• Menu

I Won’t Boycott The Olympic Games

The Bund, Shanghai
The Bund, Shanghai
I’ve been itching to write about this whole Olympic Games/ boycott China/ save Tibet thing for a while now. What was holding me back? Probably the fact that my opinion is a bit different. I’m not afraid to voice it but I don’t want to be misinterpreted. I guess I should start by saying I don’t support violence, from any side. That I don’t think China is a model of democracy. That I won’t be taking side on whether Tibet should be considered as part of China or a free independent state — I don’t think I would be a good judge and frankly, I don’t think any of us is, no offense.

That said, something has been bothering me for a while now. Maybe it’s the one-sided view of the problem. Maybe it’s because I feel we’re witch-hunting. Maybe it’s because I can’t take hypocrisy very well. or maybe I’ve just been brainwashed my the Chinese as my friends like to joke.

I’m a former Langues’O student. I’ve been studying Chinese for over 12 years now (yeah, I started young… French curriculum, you know). I lived in China, I studied, I and worked there. I don’t necessarily know more than you about the country but I can see the other side of the story.

So, what’s the deal with China?

Well, first of all, China is a young Republic. The country was ruled by feudal dynasties until the 1911 republican revolution. And then, China didn’t really have a steady government until Mao took power in 1949. After Yuan Shikai and the warlords, after the Guomindang dictatorship, after WW2 and the Japanese invasion, the Communist took power quite easily. They had a strong new ideology and they had resisted against Japan — that’s what people mostly wanted at the time.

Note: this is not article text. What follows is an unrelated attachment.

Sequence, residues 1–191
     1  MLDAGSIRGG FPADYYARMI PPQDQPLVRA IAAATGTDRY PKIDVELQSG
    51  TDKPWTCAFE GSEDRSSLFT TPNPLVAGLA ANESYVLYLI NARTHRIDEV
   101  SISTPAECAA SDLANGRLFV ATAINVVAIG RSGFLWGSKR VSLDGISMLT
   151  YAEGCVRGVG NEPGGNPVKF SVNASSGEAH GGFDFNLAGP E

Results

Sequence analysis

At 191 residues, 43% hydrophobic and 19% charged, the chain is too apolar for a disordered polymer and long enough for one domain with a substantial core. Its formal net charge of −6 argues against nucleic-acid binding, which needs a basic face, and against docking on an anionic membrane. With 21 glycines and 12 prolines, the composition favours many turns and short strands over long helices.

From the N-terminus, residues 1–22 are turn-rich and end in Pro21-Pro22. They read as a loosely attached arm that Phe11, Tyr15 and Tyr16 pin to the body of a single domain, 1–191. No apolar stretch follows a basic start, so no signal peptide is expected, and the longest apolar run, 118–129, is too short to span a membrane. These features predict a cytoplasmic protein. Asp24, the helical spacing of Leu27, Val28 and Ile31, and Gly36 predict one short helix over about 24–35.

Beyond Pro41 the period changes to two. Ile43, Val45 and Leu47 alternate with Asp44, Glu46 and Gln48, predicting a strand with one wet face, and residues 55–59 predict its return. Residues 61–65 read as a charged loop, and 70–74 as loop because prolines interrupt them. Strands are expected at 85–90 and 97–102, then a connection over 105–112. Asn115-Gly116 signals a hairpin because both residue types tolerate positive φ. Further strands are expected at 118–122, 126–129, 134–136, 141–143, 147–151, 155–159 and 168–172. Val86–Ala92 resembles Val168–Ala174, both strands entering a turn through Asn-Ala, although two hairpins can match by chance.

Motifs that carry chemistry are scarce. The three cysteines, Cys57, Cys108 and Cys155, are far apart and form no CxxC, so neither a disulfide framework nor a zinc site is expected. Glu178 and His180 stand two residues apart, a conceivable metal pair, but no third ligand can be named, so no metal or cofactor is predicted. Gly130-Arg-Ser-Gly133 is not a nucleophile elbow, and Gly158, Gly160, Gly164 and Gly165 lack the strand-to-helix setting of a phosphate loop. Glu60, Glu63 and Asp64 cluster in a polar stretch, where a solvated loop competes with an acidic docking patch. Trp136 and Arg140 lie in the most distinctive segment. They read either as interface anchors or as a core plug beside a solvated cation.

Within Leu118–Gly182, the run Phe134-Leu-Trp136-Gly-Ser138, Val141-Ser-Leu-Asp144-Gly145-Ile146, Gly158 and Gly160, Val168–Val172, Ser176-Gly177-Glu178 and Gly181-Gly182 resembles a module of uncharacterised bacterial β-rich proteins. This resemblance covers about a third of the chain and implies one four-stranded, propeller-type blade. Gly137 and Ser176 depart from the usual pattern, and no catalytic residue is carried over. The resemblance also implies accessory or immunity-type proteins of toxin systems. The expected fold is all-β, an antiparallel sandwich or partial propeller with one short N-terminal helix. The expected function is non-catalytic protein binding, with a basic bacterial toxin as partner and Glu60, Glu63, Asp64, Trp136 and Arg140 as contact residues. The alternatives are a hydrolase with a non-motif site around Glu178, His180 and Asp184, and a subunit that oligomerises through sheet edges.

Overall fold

Second of all, there is one think you should know: China hate to be told what to do. Especially by Westerners. Hey, we all have a weakness, don’t we?

Remember what I was saying above? The last dynasty, the Qing, fell in 1911. Well, at the time, China was pretty weak and definitely not “modern” by Western standards, Diplomacy and trade, for example. China was the “中国”, ruling over Asia, center of its world. The Qing did accept foreign trade, but on a limited basis (specific harbors, Chinese middlemen…). And meanwhile, the rest of the world was entering the industrial revolution. And then… clash.

Chinese tea, silk and porcelain were in high demand in the West, yet China wanted little that the West had to offer, causing the Westerners to incur an unfavorable balance of trade. A remedy was found: England got into opium trade. Imported from India, it was used to buy Chinese goods, then forwarded to Europe. Chinese opium consumption soon became a social issue, but the trade benefits England, which just had attempted to establish, one more time, an embassy and got turned down. England eventually picked a casus belli and started the Opium Wars. The Qing Dynasty, already in internal turmoil, couldn’t resist. In 1842, the Nanjing Treaty was signed: China had to cede Hong Kong to the British, open harbors to foreign trade, limit duty, grant British national extraterritoriality etc. Britain was to have most-favored-nation treatment: it would receive whatever trading concessions the Chinese granted other powers. They later obtained the construction of railways, zones of the economic and political influences in their leased territories. The Treaty of Nanjing set the scope and character of an unequal relationship for the century of “national humiliations”. The treaty was followed by other incursions, wars, and treaties that granted new concessions and added new privileges for the foreigners.